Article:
Thursday, June 26, 2014

Low Hanging Fruit: Wild Williamette Berries

A full version of this article is available online at Wide Open Spaces:

With wildflowers in full bloom during early summer, an assortment of wild berry varieties begin to bloom as well. Throughout mid to late summer, native salmonberries and huckleberries produce flavors uniquely distinct in comparison to domestic varieties. Invasive evergreen and Himalayan blackberries also produce a wealth of juicy berry goodness.
Salmonberries in different stages of ripening

Salmonberries are found mainly near mountain watersheds or coastal streams, growing along the west coast from California to Alaska. They are perennial shrubs that produce a fruit structure similar to raspberries, but have two stages of ripening. If picked early while the berries are a deep yellow, they tend to be more sour, and sweeten as they begin to turn a flame red-orange. Other animals tend to pick over this variety quickly, so it's wise to find a good patch and watch as the fruit begins to ripen, harvesting when the berries are available. Traditionally, these berries were eaten raw along with salmon or their roe, but are also used in making jam or wine.

Red Huckleberries grow in similar habitats along the coast range, but tend to take root growing out of rotten evergreen stumps and logs. Their deciduous shrubs produce a fruit structure similar to blueberries, but they tend to be significantly smaller. These berries were traditionally used as bait, due to their resemblance of a salmon egg. While salmonberries produce a high moisture content that prevents them from drying well, the red huckleberry can be dried and later used in sauces or eaten raw. It also produces quinic acid in the bark of the plant that was used as a remedy to treat colds. This variety is difficult to transplant, and although it has been attempted to domesticate, it also requires a particular pH content in the soil that is difficult to recreate. The wild nature of this berry makes a highly sought after jelly.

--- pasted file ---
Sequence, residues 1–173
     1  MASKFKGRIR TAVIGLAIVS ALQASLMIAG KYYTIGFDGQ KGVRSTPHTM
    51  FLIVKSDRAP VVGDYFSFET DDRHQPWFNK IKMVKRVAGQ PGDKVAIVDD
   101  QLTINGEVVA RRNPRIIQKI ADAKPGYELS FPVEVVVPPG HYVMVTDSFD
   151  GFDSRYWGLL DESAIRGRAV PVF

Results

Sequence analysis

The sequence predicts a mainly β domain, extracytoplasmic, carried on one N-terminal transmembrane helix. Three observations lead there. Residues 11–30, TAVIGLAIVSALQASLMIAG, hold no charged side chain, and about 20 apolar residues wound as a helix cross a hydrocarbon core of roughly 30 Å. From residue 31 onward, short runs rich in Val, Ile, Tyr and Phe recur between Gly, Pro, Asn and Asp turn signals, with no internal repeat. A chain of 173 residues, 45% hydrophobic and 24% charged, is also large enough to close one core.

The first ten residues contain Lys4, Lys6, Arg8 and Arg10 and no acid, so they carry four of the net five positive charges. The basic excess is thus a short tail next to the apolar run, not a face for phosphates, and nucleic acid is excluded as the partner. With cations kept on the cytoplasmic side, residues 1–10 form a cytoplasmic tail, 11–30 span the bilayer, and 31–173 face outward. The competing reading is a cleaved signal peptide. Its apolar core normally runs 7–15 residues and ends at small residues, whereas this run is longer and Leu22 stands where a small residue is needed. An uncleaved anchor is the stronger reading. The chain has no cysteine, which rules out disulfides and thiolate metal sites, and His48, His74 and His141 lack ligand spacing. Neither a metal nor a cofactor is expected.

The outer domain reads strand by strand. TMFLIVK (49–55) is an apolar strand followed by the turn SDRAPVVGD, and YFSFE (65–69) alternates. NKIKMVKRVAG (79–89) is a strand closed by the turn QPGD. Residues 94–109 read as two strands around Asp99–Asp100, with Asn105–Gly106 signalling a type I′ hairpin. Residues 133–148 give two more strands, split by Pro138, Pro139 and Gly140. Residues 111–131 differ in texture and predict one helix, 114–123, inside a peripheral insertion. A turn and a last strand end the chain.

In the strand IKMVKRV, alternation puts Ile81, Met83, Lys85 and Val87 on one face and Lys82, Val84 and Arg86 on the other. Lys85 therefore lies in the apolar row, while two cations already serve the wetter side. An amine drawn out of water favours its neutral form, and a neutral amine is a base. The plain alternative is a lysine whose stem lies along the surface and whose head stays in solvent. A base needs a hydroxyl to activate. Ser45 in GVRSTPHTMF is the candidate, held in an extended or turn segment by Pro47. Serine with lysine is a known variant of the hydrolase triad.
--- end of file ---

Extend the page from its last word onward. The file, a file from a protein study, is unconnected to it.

Although there are some species of blackberry that are native to Oregon, the Himalayan is the most common variety and can be found growing all around Corvallis from Bald Hill to your backyard. While it grows nearly everywhere, it's good to be aware of the areas you're picking to consume these berries to avoid pesticides and herbicides. Many of the roadsides grow lots of blackberries, but are commonly sprayed to keep this invasive species under control. For good measure, take along something to hold your harvest in a backpack that won't turn the berries into juice before you get home and pick them in a high elevation where there's trails without vehicle access. Although these species get a bad rap, the dark blue color is an indicator of a berry with the highest antioxidant qualities and their high tannin content improves digestion. They are quite versatile, eaten raw, juiced, cooked into sauces, frozen and used in smoothies, pies, crisps, pancakes, ice cream, brewing tea, mead or beer, liquor infusions and are great for canning jam.